She's not quite crawling yet but is on all-fours frequently. It's kind of a nice stage for me because she can pivot and scoot and roll to get most things she wants without moving too quickly from one place to another. So I can bring her in the kitchen with me, give her a few things to play with, and get some things done while she's safely underfoot. Tobin was crawling by now but Evan was not, so she's right on target. Although it appears she's not even close to standing, she will try to pull up on an adjacent table or chair. So perhaps she'll cruise before she crawls.

Lauren's chatting us up regularly now, mainly with: "da da," "nuh nuh," "guh guh" and "duhhh!" She claps and makes gestures that approximate waving and pointing. She recently thrilled her big-big brother with a "buh buh." Tobin declared: "Mom, she said 'brother'! It was her first word!" Mainly, I think she's just making sounds but I imagine the associations will come soon. And she will have an eager audience awaiting--and then applauding--her accomplishments.

Wednesday, March 14, 2012

Tourney Time

The NCAA Tournament is an exciting time in our house. I've followed for as long as I can remember, and Allison has been a fervent fan at least since we started dating. Tobin is all in, too. At least half a dozen times this weekend, T said "Dad, I reeeally want to do my braaacket." Even though I explained every time that the brackets wouldn't come out until Sunday evening, he kept asking. Evan isn't interested so much in watching basketball as he is playing it (more on Evan's bracket at the end).

Tobin cheered his way through the seeding Sunday, and we set a date to fill his bracket Monday after I got home from work. On Monday, I asked "Do you want to do it on paper or on the computer?" Pragmatically, he decided "Computer. My handwriting isn't so great, and those lines are really little."

After getting logged in, the bracket was before us. In the past, Allison and I have put controls on T's picking, like refusing to allow him to advance a 16 seed over a 1 or a 15 over a 2. No such things necessary this year. He understands seeding and the at-large process better than many adults I know.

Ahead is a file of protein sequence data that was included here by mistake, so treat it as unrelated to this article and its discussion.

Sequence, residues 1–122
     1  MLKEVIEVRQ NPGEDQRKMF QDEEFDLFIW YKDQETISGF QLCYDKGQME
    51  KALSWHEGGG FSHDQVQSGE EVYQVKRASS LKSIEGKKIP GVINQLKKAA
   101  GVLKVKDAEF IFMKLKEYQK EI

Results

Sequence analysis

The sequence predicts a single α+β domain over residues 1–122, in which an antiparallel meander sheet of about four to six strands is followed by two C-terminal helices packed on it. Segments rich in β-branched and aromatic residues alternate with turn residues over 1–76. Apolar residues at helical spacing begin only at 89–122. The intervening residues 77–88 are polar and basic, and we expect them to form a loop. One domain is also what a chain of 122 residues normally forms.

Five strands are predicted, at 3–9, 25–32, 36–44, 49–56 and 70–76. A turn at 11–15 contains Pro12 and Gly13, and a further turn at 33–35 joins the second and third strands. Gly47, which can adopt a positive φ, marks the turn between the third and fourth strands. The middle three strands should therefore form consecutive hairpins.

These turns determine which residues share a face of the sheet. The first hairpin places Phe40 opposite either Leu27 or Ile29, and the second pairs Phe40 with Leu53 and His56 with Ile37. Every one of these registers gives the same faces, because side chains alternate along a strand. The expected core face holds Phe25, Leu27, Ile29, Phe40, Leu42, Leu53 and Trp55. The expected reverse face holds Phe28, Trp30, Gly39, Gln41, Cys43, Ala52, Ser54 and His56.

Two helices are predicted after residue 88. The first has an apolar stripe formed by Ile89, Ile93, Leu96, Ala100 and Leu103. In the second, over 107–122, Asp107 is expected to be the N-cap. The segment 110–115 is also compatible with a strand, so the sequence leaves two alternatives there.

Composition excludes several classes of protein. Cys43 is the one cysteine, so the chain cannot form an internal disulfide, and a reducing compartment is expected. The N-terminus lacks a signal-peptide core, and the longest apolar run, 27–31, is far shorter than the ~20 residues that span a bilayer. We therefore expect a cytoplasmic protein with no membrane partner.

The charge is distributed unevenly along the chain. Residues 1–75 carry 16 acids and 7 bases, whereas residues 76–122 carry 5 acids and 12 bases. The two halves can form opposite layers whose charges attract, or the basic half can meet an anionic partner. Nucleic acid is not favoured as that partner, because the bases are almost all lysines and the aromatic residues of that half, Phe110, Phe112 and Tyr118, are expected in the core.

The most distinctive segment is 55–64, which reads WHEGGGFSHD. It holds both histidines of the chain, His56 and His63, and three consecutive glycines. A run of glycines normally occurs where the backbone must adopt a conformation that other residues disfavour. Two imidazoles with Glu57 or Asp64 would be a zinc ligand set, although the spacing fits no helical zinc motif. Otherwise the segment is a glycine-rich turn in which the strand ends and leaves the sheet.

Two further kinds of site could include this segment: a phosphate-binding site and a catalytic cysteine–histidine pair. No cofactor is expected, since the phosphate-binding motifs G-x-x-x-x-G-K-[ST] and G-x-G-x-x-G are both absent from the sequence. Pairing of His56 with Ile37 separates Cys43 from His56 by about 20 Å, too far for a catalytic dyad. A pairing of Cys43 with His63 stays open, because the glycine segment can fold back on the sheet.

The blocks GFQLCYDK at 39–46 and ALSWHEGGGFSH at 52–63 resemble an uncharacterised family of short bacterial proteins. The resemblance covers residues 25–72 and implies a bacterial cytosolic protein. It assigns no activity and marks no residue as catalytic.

From the West region: "New Mexico versus Long Beach St.? I've never heard of either of them, but New Mexico has a 5 and Long Beach a 12, so I guess that means the people who make the tournament think New Mexico is good. So New Mexico."

Also in the West: Tobin has been a little obsessed with Murray State since they were the last team to lose a game all season. When he realized it, he exclaimed "Murray State still only has 1 loss! Every other team in the tournament has at least 2!" This logic led him to name Murray St. the upset winner of the West region over Michigan St.

After my assurances that John Henson would in fact play for the Tar Heels, he chose UNC to win the Midwest region. The only upset he chose in the region was the 9-8 game between Alabama and Creighton. Why Alabama? "They're Uncle Donnie's favorite team."

In the East region, his bracket followed the seeding exactly. I told him Tuesday evening that one of Syracuse's best players was ineligible, and that he might want to re-think his picks. He considered it briefly, then said "No, I'll keep it the same. They're a really good team. Even though Cincinnati beat them, I think they're good."

Last, the South region is where Kentucky holds the #1 seed. If you'll remember, Tobin remarked last December, when Kentucky beat North Carolina by 1 "I hope they play again. Next time for a championship." In dual decisions that make me proud, Tobin chose Kentucky to win the region and Duke to lose before reaching the Sweet 16: "Notre Dame will beat Duke. Notre Dame beat Syracuse this year, and Syracuse is way better than Duke."